In the Middle: A focus on STEM

Destiny Meneweather

Have you ever asked one of your relatives or a friend younger than you about the stuff they learn at school? Then you probably realize what they’re learning differs from what you were learning when you were their age.

A lot of the difference could be an increased focus on STEM. I am very proud to attend Barker Middle Schoool, an Indiana-certified STEM school! Here in Michigan City, we also have a STEM-certified elementary school, Lake Hills.

But what is STEM, anyway? Why should kids be learning in this way?

STEM stands for science, technology, engineering and mathematics, and it teaches students how to think critically by improving their problem-solving skills. STEM can be customized for any learning level and it encourages teamwork, collaboration and communication.

STEM requires a significant amount of trial and error. It makes you think more and it doesn’t let you take the easy way out. It also enhances your way of thinking and makes you look at things from a different perspective. STEM teaches you how to communicate your ideas by doing things like group projects. It helps the shy kids come out of their shells and learn to interact with a group of people.

It also helps prepare students for the future. Thanks to the speed of innovation, STEM jobs in the United States will grow by 14 percent from 2010 to 2020. The STEM skills Gap Report found that, “59 percent of businesses and 79 percent of universities believe there aren’t enough candidates leaving education who are skilled enough to meet industry employment requirements.” One source claims that “as little as 16 percent of college graduates graduate in a STEM industry field or subject.” If only 16 percent of college graduates graduate into a STEM industry, there won’t be enough people to fill STEM jobs!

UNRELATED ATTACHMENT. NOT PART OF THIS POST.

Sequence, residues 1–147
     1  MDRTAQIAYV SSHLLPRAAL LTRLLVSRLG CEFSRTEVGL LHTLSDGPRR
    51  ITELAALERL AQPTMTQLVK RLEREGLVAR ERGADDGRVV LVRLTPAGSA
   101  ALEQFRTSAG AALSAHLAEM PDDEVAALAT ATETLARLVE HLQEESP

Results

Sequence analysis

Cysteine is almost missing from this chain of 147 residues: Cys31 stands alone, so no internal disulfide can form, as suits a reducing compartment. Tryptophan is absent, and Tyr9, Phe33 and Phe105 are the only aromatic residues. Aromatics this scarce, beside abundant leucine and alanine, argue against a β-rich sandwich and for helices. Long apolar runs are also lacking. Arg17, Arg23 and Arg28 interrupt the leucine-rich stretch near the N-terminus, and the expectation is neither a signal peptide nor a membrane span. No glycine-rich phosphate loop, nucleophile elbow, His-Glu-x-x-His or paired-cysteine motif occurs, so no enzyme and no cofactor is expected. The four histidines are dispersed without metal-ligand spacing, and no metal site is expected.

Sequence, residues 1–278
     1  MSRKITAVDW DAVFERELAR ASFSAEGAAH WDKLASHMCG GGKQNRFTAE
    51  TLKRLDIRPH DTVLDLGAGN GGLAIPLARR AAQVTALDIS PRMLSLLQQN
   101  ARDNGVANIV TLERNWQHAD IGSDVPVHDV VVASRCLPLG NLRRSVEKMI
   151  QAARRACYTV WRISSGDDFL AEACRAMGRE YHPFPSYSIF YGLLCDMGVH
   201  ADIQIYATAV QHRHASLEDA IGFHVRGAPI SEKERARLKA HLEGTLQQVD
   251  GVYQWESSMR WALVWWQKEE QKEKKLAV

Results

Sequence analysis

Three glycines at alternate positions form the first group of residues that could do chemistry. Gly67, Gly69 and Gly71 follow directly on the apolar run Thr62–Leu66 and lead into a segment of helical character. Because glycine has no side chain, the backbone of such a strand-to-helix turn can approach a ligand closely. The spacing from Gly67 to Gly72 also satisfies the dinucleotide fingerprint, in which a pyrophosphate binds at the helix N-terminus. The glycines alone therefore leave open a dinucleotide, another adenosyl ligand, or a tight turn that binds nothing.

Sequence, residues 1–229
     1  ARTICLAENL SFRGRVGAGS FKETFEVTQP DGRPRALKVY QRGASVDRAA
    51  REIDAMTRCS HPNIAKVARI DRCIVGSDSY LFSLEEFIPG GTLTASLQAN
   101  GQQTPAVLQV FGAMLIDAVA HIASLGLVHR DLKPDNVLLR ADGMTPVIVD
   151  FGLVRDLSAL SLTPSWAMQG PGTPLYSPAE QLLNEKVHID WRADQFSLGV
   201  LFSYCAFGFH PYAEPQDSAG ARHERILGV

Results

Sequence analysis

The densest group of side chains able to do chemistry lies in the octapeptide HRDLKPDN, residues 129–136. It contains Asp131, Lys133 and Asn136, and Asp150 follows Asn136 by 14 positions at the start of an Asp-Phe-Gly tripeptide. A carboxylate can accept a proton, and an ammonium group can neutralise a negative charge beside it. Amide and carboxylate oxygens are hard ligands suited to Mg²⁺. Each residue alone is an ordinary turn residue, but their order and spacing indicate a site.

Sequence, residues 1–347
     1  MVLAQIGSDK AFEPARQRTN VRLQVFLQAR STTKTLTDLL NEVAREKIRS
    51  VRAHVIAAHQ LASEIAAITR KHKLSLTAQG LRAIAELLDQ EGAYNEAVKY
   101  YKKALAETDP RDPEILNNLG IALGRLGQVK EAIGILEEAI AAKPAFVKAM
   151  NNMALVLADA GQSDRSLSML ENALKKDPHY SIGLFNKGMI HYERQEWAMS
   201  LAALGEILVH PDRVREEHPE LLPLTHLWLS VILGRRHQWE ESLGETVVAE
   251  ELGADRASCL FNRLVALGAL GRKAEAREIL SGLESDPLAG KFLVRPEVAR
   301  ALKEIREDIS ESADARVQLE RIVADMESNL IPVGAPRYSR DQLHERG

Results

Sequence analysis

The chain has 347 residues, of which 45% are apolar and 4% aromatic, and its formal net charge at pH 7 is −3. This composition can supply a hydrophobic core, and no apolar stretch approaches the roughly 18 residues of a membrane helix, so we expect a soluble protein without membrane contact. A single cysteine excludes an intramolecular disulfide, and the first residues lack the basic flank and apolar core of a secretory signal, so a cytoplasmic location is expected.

There are benefits to starting STEM learning early, too. This allows children to tap into their natural curiosity to be engaged, active, and take initiative. It lays a foundation that sticks with them. Research proves that schools and parents should allow young children more time for play and investigation. So get your child outside doing science experiments, instead of being in the house preoccupied with video games!

STEM education prepares students for the world. It gives them valuable skills that they will need to succeed in school, work, and life.

STEM can unlock a whole new world of possibilities for students, or even for you!

Destiny Meneweather is a student at Barker Middle School. In the Middle is a regular column produced by MCAS middle school students.

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